Many readers aren’t aware that fiction writers do research for their books, sometimes more than authors of nonfiction.
I was raised in Montgomery, Alabama, where my forthcoming Southern Gothic novel, SWEET BYE AND BYE, takes place in 1945. But I didn’t rely only on my memory to weave historical facts throughout the book. I researched the state that had been my home until I went to grad school at Florida State, then to Minneapolis, London, Italy and New York.
Some of my research never made it into the book, except through sense memory, and I don’t want to leave it on the cutting room floor. Here are fun facts about Alabama. They include a cast of characters whose names you’ll recognize. Enjoy.
FUN FACTS ABOUT ALABAMA by Anne Randolph, author of SWEET BYE AND BYE, a Southern Gothic novel set in Montgomery, Alabama 1945 www.AnneRandolph.com/blog
• The first Open Heart Surgery took place in Montgomery, Alabama in 1902. The patient lived to tell the tale.
• Two classical singers from Montgomery sang at the Metropolitan Opera: Nell Rankin and my brother, James Atherton, who at one time was an accompanist when Fanny Flagg became a finalist in the Miss Alabama pageant.
• Tony Tennille of Captain and Tennille, hit singer in the 1970s, was from Montgomery, Alabama. Her father owned Tennille’s Furniture Store.
• The musical group Alabama has a Museum in Fort Payne.
• The Wright Brothers flew airplanes in Montgomery at the site of Maxwell Air Force Base—my great-uncle, W.C. Thomas, Chief Justice of Alabama Supreme Court, once flew with them.
• Maxwell Air Force Base has more brass at the Air War College than the Pentagon.
• Alabama was the fourth state to secede from the Union in 1861, but the north east county of Winston, known as the Free State of Winston, seceded from Alabama during the Civil War.
• The Confederate flag was designed in Alabama in 1861 and was flown over the Alabama State Capital until 1993.
• Presidential candidate, Governor George C. Wallace served four terms as Alabama governor. His second wife taught me to water ski at Girl Scout Camp.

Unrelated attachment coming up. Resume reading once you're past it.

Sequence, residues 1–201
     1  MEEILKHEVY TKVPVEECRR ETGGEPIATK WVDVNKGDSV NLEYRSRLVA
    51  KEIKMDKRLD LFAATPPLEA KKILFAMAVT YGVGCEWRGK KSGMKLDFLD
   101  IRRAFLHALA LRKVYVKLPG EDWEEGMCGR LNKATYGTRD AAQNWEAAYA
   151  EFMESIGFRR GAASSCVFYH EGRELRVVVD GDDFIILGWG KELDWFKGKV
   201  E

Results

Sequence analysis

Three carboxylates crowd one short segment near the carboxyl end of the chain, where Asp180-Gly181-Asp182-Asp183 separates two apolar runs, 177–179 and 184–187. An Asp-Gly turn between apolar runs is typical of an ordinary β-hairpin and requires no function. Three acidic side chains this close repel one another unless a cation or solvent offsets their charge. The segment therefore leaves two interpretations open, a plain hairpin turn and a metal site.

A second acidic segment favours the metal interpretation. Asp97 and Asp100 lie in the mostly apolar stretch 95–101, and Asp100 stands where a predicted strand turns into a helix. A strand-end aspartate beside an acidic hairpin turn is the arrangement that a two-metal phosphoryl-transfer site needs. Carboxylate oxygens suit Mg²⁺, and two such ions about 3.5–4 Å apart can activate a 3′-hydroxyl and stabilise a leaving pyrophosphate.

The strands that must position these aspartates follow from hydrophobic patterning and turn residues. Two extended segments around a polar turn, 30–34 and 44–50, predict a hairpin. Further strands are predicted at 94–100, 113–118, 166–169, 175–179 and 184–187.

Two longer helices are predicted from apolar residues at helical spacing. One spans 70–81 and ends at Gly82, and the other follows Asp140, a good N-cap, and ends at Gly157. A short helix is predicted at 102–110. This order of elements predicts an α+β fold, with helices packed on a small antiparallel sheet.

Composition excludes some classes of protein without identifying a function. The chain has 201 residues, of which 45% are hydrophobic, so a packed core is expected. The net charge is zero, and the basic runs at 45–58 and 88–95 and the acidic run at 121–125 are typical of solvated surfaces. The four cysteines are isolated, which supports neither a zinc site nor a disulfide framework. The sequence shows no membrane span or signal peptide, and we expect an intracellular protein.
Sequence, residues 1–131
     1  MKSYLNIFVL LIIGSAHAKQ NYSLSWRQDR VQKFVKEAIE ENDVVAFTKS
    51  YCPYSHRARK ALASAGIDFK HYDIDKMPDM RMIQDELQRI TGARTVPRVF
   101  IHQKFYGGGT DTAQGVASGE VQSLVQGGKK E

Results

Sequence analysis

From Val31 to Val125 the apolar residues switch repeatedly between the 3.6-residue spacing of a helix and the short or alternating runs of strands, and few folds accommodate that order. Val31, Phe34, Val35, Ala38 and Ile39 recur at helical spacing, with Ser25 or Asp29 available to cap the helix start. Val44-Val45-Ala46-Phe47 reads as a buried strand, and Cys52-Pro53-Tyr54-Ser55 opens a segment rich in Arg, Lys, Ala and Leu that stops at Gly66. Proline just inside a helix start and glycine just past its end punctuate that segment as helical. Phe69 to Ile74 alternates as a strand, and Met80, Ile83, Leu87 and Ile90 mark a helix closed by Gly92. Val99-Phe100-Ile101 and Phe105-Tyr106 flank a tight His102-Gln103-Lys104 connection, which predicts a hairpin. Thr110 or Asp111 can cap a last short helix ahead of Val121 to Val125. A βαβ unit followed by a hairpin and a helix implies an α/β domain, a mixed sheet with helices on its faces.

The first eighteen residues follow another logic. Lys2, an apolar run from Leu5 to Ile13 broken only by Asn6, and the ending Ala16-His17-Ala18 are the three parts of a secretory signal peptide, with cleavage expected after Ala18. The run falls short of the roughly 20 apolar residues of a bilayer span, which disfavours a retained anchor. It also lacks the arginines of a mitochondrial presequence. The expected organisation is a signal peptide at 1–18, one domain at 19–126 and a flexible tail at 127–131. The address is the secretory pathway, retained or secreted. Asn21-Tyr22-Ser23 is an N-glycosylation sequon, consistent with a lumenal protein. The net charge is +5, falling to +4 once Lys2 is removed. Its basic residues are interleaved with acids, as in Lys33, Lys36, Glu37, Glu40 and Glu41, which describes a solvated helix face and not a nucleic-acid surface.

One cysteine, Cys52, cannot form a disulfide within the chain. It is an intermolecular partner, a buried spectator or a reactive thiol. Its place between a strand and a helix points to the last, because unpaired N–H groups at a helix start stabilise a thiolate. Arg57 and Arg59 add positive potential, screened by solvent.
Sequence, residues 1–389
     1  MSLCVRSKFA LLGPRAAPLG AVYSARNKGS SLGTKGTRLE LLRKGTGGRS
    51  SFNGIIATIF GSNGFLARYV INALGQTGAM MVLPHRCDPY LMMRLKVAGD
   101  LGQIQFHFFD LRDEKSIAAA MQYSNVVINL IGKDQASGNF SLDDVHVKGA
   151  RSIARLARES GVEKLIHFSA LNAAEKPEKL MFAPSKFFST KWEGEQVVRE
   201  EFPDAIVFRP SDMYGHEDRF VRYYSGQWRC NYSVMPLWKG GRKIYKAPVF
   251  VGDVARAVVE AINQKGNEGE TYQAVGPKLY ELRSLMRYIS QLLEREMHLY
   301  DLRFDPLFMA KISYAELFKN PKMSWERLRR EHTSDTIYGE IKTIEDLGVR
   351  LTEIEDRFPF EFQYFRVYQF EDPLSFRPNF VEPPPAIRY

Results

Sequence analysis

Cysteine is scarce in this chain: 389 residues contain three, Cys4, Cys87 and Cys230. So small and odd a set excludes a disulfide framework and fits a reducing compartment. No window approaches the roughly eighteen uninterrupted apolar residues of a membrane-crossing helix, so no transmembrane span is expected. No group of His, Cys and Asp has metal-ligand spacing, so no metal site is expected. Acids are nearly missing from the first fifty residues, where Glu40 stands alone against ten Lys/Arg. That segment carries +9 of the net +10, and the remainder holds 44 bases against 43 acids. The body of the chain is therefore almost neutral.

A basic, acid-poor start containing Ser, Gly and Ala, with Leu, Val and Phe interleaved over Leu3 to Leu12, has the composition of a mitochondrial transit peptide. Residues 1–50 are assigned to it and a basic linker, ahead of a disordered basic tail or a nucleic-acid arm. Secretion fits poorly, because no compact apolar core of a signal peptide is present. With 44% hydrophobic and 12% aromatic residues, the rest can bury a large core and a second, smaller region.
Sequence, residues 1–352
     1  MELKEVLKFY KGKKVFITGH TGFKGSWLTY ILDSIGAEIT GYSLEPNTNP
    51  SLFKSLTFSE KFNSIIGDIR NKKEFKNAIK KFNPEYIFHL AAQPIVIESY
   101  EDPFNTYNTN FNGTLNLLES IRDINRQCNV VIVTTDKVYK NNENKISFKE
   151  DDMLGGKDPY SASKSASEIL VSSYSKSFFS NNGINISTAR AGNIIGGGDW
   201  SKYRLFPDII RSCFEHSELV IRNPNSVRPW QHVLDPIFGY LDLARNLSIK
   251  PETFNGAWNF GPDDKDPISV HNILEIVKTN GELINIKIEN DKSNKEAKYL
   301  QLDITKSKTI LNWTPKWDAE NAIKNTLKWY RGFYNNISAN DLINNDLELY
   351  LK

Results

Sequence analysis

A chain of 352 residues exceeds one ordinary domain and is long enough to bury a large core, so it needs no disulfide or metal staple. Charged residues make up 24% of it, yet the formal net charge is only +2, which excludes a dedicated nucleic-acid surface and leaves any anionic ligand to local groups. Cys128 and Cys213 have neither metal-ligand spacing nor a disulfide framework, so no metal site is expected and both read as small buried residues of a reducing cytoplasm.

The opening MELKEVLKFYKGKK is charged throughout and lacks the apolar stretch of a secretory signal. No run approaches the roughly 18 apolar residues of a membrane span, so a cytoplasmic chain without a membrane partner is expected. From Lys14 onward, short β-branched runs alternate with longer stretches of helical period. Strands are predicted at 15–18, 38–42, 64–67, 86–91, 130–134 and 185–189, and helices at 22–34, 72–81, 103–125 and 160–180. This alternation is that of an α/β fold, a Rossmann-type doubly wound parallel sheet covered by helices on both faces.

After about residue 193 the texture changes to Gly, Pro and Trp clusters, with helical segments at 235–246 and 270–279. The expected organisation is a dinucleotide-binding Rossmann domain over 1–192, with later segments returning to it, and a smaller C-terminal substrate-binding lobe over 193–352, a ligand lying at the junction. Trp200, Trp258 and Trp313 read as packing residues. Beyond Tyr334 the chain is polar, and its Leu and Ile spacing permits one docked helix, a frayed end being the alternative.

• My grandfather, Judge Jonathan Render Thomas was head of the Alabama Supreme Court when Martin Luther King, Jr. preached at the Dexter Avenue Baptist Church across from the Supreme Court building in Montgomery.
• The Selma Civil Rights March started in Prattville across the Edmund Pettis Bridge which was named for one of my relatives. Also Prattville was named for a great-uncle.
• The bus shed at Court Square at the foot of Market Street-now Dexter Avenue in Montgomery was once a slave auction block.
• The famous command, “Damn the torpedoes, full speed ahead” was uttered during the Civil War Battle of Mobile Bay, August 5, 1864.
• The Blue Moon Inn, the Green Lantern, and the Sahara Restaurant were popular places to eat.
• The First United Methodist Church of Montgomery, now in Cloverdale Park since 1932, began in 1829 downtown as the Court Street Methodist Church, the oldest church in Montgomery.
• Enterprise, Alabama displays the only Boll Weevil Monument that honors the role this insect played in changing Alabama crops from cotton to the peanut. Booker T. Washington explored uses of the peanut at the all black Tuskegee Institute from 1881 to his death in 1915.
These are my fun facts. If you write fiction, or non-fiction, share a Comment below and tell me something about where your book takes place. You can also follow me on Facebook where I share writing tips and inspiration for authors. Join my mailing list if you want me to give you a heads-up as soon as my novel, SWEET BYE AND BYE is for sale.